Greek colonisation of South Italy and Sicily (Magna Graecia) was a defining event in European cultural history, although the demographic processes and genetic impacts involved have not been systematically investigated. Here, we combine high-resolution surveys of the variability at the uni-parentally inherited Y chromosome and mitochondrial DNA in selected samples of putative source and recipient populations with forward-in-time simulations of alternative demographic models to detect signatures of that impact. Using a subset of haplotypes chosen to represent historical sources, we recover a clear signature of Greek ancestry in East Sicily compatible with the settlement from Euboea during the Archaic Period (eighth to fifth century BCE). We inferred moderate sex-bias in the numbers of individuals involved in the colonisation: a few thousand breeding men and a few hundred breeding women were the estimated number of migrants. Last, we demonstrate that studies aimed at quantifying Hellenic genetic flow by the proportion of specific lineages surviving in present-day populations may be misleading.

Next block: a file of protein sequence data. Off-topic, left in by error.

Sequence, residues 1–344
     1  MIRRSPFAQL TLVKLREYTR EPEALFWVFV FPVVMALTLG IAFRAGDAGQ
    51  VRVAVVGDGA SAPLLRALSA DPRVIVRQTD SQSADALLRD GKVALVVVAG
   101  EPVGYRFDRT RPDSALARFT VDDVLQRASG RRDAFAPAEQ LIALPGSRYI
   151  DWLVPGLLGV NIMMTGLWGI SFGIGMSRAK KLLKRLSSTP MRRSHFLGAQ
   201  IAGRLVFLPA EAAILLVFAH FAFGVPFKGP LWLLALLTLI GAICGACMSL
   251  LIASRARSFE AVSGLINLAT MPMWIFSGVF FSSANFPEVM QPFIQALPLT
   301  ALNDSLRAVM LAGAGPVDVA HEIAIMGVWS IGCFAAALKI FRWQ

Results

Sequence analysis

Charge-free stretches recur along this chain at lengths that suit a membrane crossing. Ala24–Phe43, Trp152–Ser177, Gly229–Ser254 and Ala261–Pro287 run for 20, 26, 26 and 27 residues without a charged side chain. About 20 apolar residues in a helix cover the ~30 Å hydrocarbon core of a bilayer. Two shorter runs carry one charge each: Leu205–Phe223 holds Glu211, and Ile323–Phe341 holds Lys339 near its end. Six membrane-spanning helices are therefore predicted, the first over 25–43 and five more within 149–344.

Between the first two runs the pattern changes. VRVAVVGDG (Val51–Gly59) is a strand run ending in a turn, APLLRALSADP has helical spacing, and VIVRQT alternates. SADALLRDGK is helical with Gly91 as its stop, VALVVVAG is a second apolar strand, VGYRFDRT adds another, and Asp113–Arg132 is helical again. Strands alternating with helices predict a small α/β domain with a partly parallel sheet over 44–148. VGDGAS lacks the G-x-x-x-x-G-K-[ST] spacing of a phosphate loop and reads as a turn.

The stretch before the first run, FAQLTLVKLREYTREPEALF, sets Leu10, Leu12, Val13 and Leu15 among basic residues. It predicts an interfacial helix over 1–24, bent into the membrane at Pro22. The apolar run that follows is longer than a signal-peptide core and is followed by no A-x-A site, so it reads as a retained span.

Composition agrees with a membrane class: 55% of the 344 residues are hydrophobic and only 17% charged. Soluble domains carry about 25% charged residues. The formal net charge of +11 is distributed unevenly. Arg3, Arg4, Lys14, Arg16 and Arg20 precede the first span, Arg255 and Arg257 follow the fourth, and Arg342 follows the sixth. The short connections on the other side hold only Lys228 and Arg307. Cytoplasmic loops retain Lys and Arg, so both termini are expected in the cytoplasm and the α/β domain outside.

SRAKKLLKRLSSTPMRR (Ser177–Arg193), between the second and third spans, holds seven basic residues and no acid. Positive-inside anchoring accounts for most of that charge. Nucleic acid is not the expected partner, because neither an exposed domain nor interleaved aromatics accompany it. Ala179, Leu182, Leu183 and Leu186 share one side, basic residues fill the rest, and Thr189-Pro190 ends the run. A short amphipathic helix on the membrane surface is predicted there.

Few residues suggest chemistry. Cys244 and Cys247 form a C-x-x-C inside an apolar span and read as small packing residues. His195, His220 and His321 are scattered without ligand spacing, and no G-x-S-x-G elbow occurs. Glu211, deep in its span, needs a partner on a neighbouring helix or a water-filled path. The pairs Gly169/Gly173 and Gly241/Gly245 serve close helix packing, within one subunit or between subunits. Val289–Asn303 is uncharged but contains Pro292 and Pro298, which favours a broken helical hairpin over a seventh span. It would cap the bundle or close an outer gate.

- Sergio Tofanelli, Francesca Brisighelli, Paolo Anagnostou, George B J Busby, Gianmarco Ferri, Mark G Thomas, Luca Taglioli, Igor Rudan, Tatijana Zemunik, Caroline Hayward, Deborah Bolnick, Valentino Romano, Francesco Cali, Donata Luiselli, Gillian B Shepherd, Sebastiano Tusa, Antonino Facella and Cristian Capelli (2016). The Greeks in the West: genetic signatures of the Hellenic colonisation in southern Italy and Sicily. European Journal of Human Genetics, 24(3), 429-436.
Peoples: Sicilians | Places: Euboea, Sicily, and South Italy | Topics: Archaic Period, Greek colonisation, Hellenic, and Sex-bias | DNA Type: mtDNA and Y-DNA